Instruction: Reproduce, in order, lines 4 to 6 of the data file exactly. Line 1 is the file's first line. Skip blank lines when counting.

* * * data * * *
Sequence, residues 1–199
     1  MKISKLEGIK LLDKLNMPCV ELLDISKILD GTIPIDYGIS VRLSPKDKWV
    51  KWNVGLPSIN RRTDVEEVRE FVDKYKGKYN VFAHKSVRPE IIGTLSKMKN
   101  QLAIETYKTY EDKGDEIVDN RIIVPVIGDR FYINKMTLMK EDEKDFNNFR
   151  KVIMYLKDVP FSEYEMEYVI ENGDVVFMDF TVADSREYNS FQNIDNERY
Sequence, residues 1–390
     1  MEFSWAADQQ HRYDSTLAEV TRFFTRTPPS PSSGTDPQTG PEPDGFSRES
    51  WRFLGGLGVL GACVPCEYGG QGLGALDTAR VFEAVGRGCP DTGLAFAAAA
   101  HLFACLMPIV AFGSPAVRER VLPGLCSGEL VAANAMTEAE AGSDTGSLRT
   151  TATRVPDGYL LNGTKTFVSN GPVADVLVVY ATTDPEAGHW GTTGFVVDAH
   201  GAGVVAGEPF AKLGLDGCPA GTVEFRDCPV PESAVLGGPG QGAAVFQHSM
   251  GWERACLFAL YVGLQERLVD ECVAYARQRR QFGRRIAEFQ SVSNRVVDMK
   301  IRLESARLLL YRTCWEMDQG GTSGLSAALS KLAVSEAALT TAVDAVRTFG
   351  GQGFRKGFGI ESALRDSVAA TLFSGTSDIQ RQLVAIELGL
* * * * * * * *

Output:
   101  QLAIETYKTY EDKGDEIVDN RIIVPVIGDR FYINKMTLMK EDEKDFNNFR
   151  KVIMYLKDVP FSEYEMEYVI ENGDVVFMDF TVADSREYNS FQNIDNERY
Sequence, residues 1–390